“It is where there are actual harms -- not theoretical or speculative harms -- that the Commission can be the most effective in carrying out its mandate of protecting the American consumer,” IAB General Counsel Mike Zaneis says in comments submitted after the FTC's recent “big data” workshop.
“To that end, the Commission’s continued focus on advertising -- a topic explored once again in the Workshop -- does the Commission (and by extension the public) a disservice,” he adds. “Continuing to explore a sector of the economy with robust self-regulation, or even its intersection with sectors with specific laws where unauthorized or inappropriate use of data could cause concrete harms to consumers, is counterproductive and unwarranted.”
The comments, filed late last month and made public last week, were submitted after the agency held a workshop addressing policy issues surrounding the use of big data.
Questions about whether big data poses risks have been swirling for a long time, but they seemed to capture more attention in recent months -- largely thanks to the White House's Big Data report. That paper, issued in May, warns that the use of data to personalize ads and content could reflect discrimination.
“The fusion of many different kinds of data, processed in real time, has the power to deliver exactly the right message, product or service to consumers before they even ask,” the report says. “Unfortunately, 'perfect personalization' also leaves room for subtle and not-so-subtle forms of discrimination in pricing, services and opportunities.”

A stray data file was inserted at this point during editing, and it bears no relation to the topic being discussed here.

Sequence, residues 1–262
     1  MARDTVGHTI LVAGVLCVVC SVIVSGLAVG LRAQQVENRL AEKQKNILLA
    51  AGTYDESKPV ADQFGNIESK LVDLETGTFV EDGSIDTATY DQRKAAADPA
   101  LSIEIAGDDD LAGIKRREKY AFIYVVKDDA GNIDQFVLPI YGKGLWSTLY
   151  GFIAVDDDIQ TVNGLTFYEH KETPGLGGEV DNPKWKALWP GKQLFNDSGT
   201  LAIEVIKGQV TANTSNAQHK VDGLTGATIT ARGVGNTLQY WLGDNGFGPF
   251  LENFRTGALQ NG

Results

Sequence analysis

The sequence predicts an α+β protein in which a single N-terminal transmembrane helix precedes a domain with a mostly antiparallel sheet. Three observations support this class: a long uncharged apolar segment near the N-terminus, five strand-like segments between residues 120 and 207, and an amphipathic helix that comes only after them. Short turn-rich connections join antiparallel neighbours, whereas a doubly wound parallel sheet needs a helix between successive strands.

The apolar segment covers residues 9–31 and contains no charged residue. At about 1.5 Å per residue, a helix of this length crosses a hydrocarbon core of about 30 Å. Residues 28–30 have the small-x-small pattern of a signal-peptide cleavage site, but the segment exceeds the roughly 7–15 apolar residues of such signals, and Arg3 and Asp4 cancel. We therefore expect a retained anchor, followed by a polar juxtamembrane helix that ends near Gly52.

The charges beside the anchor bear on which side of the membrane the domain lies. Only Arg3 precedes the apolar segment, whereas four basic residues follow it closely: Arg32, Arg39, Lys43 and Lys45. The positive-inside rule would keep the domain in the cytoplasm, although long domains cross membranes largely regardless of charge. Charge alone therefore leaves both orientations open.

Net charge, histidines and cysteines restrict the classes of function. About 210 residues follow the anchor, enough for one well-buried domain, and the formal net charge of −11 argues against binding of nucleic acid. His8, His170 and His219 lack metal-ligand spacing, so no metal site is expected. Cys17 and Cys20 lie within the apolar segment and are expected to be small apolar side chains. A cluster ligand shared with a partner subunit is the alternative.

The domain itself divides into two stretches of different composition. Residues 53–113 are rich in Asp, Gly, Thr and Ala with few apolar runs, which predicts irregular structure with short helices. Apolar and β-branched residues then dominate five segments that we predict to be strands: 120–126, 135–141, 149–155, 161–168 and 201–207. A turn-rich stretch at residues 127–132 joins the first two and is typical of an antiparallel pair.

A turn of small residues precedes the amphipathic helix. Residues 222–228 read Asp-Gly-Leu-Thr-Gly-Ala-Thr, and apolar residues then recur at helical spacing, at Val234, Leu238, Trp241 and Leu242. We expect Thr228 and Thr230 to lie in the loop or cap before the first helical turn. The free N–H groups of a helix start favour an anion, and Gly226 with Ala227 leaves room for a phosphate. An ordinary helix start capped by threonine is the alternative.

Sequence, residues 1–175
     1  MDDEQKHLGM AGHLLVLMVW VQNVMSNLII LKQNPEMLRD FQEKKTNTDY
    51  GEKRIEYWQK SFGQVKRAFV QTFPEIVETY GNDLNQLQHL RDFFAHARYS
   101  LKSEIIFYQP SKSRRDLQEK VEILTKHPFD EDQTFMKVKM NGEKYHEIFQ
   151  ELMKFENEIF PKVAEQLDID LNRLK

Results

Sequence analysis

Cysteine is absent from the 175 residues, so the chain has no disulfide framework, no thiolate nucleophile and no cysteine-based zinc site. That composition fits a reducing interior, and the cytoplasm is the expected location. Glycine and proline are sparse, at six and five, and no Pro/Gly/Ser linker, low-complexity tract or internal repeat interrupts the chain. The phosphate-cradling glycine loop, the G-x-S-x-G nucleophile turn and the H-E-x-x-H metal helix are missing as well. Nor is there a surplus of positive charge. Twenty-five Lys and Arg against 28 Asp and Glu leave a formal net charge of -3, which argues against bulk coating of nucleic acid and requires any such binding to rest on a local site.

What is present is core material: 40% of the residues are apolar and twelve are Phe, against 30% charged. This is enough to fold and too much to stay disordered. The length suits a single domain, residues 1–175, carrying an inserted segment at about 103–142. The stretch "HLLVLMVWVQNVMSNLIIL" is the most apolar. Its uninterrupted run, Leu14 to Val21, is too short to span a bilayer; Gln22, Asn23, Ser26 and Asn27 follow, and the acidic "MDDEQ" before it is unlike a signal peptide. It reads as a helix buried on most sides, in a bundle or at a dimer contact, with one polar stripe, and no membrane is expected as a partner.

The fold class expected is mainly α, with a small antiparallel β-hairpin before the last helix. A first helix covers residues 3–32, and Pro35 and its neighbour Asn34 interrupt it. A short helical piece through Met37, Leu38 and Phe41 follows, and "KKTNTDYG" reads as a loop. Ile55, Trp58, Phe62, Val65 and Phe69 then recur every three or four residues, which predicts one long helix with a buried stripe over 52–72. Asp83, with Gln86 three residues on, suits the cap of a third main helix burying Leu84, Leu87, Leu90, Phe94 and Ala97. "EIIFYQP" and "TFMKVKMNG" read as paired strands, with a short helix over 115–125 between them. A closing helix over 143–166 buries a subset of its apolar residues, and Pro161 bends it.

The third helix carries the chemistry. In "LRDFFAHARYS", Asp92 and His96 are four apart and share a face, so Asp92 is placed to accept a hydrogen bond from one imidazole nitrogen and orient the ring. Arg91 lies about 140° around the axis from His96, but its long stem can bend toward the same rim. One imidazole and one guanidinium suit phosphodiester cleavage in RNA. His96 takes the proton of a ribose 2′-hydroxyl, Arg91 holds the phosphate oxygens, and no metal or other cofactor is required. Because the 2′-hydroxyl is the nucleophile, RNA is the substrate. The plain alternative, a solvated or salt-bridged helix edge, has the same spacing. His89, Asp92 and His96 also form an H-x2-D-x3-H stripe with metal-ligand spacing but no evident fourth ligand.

Also in May, the FTC released its long-awaited report about data brokers, which called for new laws that would require online retailers and other “consumer-facing entities” to allow consumers to opt out of having their information shared with data brokers.
The FTC addressed some of these concerns at a hearing last month, following which it accepted an additional round of comments.
Not everyone who weighed in agrees with the IAB.
The ACLU, for instance, says that using big data to personalize ads might threaten civil rights.
“In considering the implications of big data, we are particularly concerned about the behavioral targeting, which has the potential to significantly reinforce existing economic disparities between racial groups,” the ACLU writes.
The organization adds that targeted ads could result in different people receiving offers with variations in prices. “Because decisions about which advertisements to display are in some cases based on data about race or factors closely linked to race, we are in danger of segregating the consumer experience on the web,” the ACLU says.